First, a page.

A software update may be necessary if the ECM isn’t functioning normally, and you may have to replace it altogether in rare cases.
What Are The Symptoms Of A P2138 Code?
You may notice a sudden loss of power at cruising speeds if the code P2138 occurs. It is also possible that your vehicle will experience problems with acceleration, loss of power, and unresponsiveness when the engine is operating.
If the error code is set to indicate there is an issue, the Check Engine Light will also illuminate. Last but not least, you may find the throttle stuck at any RPM.
How Difficult Is It to Inspect a P2138 Code?
Since P2138 repair involves multiple steps and complicated components like throttle body assemblies and throttle position sensors, the inspection process is complex.
In this case, it should be handled by a qualified technician with experience working on these issues. You don’t want to try to DIY this issue yourself, as you could cause further damage to your engine if you do.
As a result, if the throttle body motor or assembly is defective or damaged, a technician will replace it. In addition to the throttle body motor, the wiring may also be repaired or replaced.
Replace the throttle position sensor and connect the wiring to the throttle position sensor as part of this process. When the ECM is defective and no longer functions properly, a technician may need to replace it.
Diagnosing Honda Pilot P2138 Trouble Code
P2138 codes can occur for a variety of reasons. In order to diagnose the cause of this code, you would need to speak with a mechanic.
Use a Multimeter to Examine the Wiring
Test your Honda Pilot’s throttle and accelerator position sensor voltage using a multimeter. You’ll need to replace the sensor if they are out of range.
Examine the Wiring for Opens/Shorts
There is usually an open or short in the wiring when P2138 occurs. Take a look at the pigtails that connect to the throttle position sensor to ensure there is no damage.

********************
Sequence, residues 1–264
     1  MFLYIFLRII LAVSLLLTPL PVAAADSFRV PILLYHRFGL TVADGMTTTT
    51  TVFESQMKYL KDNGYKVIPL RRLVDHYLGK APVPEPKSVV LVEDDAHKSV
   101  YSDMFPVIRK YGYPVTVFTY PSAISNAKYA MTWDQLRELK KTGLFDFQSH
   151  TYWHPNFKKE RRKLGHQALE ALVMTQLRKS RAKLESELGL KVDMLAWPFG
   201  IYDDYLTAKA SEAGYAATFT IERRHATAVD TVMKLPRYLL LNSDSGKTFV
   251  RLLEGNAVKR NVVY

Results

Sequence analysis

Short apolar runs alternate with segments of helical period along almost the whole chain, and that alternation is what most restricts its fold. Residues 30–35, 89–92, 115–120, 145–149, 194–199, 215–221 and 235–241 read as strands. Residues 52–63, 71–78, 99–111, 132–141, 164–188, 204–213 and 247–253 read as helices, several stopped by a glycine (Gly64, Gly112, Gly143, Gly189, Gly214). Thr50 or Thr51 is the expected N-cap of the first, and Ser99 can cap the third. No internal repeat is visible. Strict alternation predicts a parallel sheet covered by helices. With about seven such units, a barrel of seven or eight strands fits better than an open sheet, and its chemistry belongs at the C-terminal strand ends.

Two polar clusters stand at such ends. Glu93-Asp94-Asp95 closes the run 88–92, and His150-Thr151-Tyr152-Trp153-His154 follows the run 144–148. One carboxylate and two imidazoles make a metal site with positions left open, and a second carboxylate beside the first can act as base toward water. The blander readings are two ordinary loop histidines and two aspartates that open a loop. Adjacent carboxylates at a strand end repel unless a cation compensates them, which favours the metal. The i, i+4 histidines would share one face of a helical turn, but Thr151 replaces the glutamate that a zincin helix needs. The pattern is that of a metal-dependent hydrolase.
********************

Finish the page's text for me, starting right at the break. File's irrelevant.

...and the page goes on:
Despite not being the best place to begin. It is possible to correct P2138 on some vehicles by reflashing the PCM. Find out if any technical service bulletins cover your Pilot’s model year and engine by visiting NHTSA.
Although, you are probably better off contacting your local Honda dealer and asking the service department.
Common Mistakes When Diagnosing The P2138 Code
Having the throttle position sensor replaced after diagnosing the P2138 error code can be a big mistake.
It is one of the most common causes of the P2138 trouble code, but it is not always the cause. Testing every aspect of the circuit is always important to diagnose an electrical problem accurately.
Never use a hand or any other tool to manually open the butterfly valve in an electronic throttle body.
As a result, the electronic throttle body motor may suffer severe damage, and the vehicle may not be able to function. If you are working with electrical equipment, be sure to do so safely and cautiously.
How Serious Is The P2138 Code?
The P2138 trouble code is one that I would consider to be very serious. When my car does not accelerate properly or stalls on the side of the road, I will be late for work. Therefore, anyone with a P2138 fault code should have it resolved immediately.
Can I Still Drive with a P2138 Code?
Having the P2138 code in your car can make it more difficult to maintain control of your car’s acceleration, which qualified technicians recommend against.
Using your cell phone on the road can be extremely dangerous and cause accidents and damage to your and others’ vehicles. When the P2138 code appears on your dashboard, it is time to take your car to a certified service station right away.
The P2138 code can be tricky to diagnose, and it’s critical to get it right. Driving around with a computer-controlled throttle that is unsure how much throttle it’s giving your vehicle is unsafe. Hopefully, you will be able to fix your Pilot soon!